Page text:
Early onset scoliosis (EOS) is a complex and heterogeneous group of disorders in children under 5 years of age. The actual prevalence is unknown since it involves a spectrum of conditions from infantile resolving scoliosis to severe progressive deformity.

Photos courtesy of Richard M. Schwend, M.D., FAAP

This 15-month-old boy (left) by age 6 years had progressed to a 90-degree left scoliosis that diminished his thoracic volume and pulmonary function.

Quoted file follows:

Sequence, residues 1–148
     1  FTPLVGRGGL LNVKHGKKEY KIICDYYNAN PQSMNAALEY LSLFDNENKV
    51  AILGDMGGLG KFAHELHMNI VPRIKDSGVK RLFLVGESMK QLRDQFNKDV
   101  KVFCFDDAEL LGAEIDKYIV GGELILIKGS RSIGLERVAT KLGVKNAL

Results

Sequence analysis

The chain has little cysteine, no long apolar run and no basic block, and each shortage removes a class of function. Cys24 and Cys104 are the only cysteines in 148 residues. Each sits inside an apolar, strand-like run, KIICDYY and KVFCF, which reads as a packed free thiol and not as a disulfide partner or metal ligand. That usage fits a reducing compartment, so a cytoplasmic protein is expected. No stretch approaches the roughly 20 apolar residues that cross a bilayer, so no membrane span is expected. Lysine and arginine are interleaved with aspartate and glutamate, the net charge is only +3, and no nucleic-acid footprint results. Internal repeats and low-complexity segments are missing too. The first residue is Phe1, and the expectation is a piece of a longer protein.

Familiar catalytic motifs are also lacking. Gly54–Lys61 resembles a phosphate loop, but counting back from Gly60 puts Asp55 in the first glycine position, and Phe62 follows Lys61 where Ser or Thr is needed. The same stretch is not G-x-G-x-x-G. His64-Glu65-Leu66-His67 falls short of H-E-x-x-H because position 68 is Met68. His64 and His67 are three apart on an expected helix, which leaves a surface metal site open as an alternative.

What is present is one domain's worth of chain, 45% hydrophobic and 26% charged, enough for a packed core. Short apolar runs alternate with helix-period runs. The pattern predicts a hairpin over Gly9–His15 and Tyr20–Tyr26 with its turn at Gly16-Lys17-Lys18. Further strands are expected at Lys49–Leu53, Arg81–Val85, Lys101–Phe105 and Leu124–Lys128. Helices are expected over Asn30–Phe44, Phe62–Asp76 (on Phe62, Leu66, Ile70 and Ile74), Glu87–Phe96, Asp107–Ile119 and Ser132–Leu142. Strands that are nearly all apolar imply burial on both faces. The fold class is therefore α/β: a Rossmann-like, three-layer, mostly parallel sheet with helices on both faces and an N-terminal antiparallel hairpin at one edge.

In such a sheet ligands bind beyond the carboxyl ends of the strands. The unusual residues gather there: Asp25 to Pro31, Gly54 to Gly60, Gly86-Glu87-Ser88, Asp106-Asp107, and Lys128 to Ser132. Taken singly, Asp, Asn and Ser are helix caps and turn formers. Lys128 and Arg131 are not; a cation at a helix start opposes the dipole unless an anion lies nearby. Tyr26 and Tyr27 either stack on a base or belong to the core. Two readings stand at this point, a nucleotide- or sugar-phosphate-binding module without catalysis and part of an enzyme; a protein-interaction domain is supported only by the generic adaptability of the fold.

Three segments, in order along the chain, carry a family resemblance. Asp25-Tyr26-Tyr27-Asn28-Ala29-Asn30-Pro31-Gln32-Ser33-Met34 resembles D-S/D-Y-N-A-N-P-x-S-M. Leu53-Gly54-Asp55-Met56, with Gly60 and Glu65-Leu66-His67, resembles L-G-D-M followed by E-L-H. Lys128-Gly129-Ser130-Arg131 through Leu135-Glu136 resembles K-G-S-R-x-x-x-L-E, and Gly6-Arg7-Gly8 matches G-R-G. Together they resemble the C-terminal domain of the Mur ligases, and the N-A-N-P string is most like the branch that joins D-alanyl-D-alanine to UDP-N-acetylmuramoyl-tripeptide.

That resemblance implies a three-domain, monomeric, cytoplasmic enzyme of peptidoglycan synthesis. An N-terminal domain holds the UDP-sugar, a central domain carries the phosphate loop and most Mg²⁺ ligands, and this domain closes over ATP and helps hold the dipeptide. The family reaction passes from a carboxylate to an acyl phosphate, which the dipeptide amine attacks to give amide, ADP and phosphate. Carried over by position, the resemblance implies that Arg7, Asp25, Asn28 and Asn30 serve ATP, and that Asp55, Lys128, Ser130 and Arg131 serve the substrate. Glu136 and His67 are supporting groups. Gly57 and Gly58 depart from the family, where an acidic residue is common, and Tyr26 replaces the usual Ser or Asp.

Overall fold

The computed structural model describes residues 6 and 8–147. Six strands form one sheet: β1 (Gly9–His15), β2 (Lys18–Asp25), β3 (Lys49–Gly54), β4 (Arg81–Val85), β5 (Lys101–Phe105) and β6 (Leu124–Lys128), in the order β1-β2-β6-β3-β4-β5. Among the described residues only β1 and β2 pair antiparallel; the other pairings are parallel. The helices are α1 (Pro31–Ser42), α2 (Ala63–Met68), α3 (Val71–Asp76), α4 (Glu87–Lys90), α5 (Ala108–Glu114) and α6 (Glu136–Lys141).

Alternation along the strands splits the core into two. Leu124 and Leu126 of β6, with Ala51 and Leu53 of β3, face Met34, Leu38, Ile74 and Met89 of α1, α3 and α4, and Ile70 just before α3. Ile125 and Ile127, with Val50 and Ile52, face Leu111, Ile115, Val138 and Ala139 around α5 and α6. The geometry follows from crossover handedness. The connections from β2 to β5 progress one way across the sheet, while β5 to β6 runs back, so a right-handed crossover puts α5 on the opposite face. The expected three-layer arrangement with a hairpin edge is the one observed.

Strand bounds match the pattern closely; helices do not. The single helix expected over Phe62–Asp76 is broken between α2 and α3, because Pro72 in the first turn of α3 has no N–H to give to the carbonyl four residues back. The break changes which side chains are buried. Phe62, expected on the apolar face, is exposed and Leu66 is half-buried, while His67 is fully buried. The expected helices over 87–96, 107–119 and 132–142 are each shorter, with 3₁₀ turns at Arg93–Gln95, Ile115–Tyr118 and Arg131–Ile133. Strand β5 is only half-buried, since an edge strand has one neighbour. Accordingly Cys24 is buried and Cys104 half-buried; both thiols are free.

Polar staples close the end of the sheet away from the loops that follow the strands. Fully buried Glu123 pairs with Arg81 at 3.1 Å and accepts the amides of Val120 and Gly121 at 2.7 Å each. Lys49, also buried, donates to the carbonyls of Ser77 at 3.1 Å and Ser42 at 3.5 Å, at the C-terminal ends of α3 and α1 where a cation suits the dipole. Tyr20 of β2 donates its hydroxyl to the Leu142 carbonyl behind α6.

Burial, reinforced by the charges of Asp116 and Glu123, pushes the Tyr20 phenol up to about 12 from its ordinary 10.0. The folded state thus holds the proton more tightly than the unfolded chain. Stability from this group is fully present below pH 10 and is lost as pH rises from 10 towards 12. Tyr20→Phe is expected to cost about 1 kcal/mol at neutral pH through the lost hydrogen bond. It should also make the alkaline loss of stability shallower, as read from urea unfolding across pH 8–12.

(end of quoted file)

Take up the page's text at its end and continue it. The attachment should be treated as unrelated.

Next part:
A subset of children with EOS may have what Robert Campbell, M.D., FAAP, termed thoracic insufficiency syndrome (TIS), the inability of the thorax to support normal lung function (J Bone Joint Surg Am. 2003;85-A(3):399-408). Pediatricians may be the first to detect a child with a deformity or may be asked to assist in perioperative management due to the presence of multiple comorbidities. Although the prevalence of EOS is lower than for adolescent or juvenile idiopathic scoliosis, mortality is...

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